Another option is to use the smallest tree whose cross-validation error is within one standard error of the smaller. In this case could be **cp = 0.03**, easy to see in the plotcp.

transtree.pruned <- prune(transtree, cp = 0.03) prp(transtree.pruned, type = 1, extra = 4, varlen = 0)

The Random Forest approach use a series of random generate Trees in order to get the variables which better explain the dependent data.

set.seed(778688) transforest <- randomForest(Donation ~ Recency + Frequency + Monetary + TFirst, data = trans, importance = T) transforest

## ## Call: ## randomForest(formula = Donation ~ Recency + Frequency + Monetary + TFirst, data = trans, importance = T) ## Type of random forest: classification ## Number of trees: 500 ## No. of variables tried at each split: 2 ## ## OOB estimate of error rate: 24.73% ## Confusion matrix: ## NonDonate Donate class.error ## NonDonate 510 60 0.1052632 ## Donate 125 53 0.7022472

Importance table represents how much removing each variable reduces the accuracy of the model. And the Right (MeanDecreaseGini) shows how each variable reduces impurity at all tree nodes.

importance(transforest)

## NonDonate Donate MeanDecreaseAccuracy MeanDecreaseGini ## Recency 10.24412 32.022719 24.92773 53.62862 ## Frequency 18.35183 7.706997 23.16787 31.22092 ## Monetary 17.67934 6.341006 21.80268 30.97825 ## TFirst 18.23311 2.851695 20.05375 74.34059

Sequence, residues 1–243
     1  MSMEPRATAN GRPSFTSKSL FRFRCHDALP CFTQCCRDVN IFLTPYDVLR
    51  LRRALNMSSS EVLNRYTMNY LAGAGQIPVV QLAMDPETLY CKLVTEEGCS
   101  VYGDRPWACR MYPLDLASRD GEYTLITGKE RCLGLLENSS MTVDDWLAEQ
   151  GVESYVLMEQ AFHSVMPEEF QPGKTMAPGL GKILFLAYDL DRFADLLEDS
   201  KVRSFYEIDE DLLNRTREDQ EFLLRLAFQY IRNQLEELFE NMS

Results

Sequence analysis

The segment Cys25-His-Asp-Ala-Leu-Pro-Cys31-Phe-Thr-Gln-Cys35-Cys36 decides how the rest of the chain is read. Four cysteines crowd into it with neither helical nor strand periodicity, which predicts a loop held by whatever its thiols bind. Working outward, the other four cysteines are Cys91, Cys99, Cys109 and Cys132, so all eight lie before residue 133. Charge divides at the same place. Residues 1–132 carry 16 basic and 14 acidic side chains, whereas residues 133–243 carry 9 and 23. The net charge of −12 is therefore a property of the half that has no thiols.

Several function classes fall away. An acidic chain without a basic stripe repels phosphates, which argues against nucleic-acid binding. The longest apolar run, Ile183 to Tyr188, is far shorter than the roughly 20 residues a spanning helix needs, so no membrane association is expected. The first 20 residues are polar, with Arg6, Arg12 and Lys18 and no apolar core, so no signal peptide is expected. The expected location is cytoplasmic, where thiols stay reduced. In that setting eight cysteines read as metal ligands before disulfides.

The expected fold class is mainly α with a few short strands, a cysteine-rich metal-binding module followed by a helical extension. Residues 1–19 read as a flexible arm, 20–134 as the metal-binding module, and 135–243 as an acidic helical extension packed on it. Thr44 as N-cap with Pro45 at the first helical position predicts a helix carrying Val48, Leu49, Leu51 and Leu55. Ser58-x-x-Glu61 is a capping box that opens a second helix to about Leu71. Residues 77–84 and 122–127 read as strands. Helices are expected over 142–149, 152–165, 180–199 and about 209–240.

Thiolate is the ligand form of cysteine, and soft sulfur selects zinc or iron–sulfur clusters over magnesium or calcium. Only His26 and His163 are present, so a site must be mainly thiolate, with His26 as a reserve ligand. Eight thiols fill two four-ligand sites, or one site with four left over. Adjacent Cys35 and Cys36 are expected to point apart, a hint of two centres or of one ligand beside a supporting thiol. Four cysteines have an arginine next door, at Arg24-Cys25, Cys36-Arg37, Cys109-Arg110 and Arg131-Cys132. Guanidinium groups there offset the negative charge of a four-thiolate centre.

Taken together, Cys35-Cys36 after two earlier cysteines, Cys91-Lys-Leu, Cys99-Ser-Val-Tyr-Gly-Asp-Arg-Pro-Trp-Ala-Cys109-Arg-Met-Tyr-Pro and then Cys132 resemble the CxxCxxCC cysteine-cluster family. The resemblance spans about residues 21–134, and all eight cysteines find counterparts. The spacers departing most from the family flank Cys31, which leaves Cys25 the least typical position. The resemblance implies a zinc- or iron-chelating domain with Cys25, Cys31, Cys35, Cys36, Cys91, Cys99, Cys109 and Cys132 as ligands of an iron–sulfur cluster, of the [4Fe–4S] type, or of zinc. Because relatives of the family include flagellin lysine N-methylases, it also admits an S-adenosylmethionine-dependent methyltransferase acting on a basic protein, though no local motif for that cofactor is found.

varImpPlot(transforest, main = NA)

Actually when the correlation is reviwed between **Monetary** and **Frequency**, the correlations is 1.

cor.test(trans$Monetary, trans$Frequency)

## ## Pearson's product-moment correlation ## ## data: trans$Monetary and trans$Frequency ## t = 1296100000, df = 746, p-value < 2.2e-16 ## alternative hypothesis: true correlation is not equal to 0 ## 95 percent confidence interval: ## 1 1 ## sample estimates: ## cor ## 1

And there is a *high* correlation between **Monetary** and **Frecuency** with the time from the first donation variable (**TFirst**)

cor(trans[-5])

## Recency Frequency Monetary TFirst ## Recency 1.0000000 -0.1827455 -0.1827455 0.1606181 ## Frequency -0.1827455 1.0000000 1.0000000 0.6349403 ## Monetary -0.1827455 1.0000000 1.0000000 0.6349403 ## TFirst 0.1606181 0.6349403 0.6349403 1.0000000

It is important to notice that the correlation is not only between these two variables, but also the tendecy of **Time** with the same two(**Frequency** and **Monetary**). Youn can see the donators(red), non donator(red).

x <- pairs(dat[-5], cex = 1,pch=21, bg=c("blue","red")[dat$Donates], lower.panel = panel.smooth, diag.panel = panel.hist, upper.panel = panel.cor)

Wen we include in the histograms the information of donation, we can easily see that in the Frequecy, the most of the frequent donators, donates. And looks like an important number of donators come recently donates.

gg <- ggplot(m.dat,aes(x=value, fill=Donates)) + geom_histogram() + scale_fill_manual(values=c("NonDonate"="skyblue4","Donate"="lightgreen")) + facet_wrap(~variable, scales ="free") print(gg)

In fact whe we review the fill representation of each condition, the **Frequency** looks like a good variable to explore. Mainly beacause of the subjects which more frequently donates return to donates.

gg<- ggplot(m.dat,aes(x=value, fill=Donates)) + geom_histogram(position="fill") + scale_fill_manual(values=c("NonDonate"="skyblue4","Donate"="lightgreen")) + facet_wrap(~variable, scales ="free") print(gg)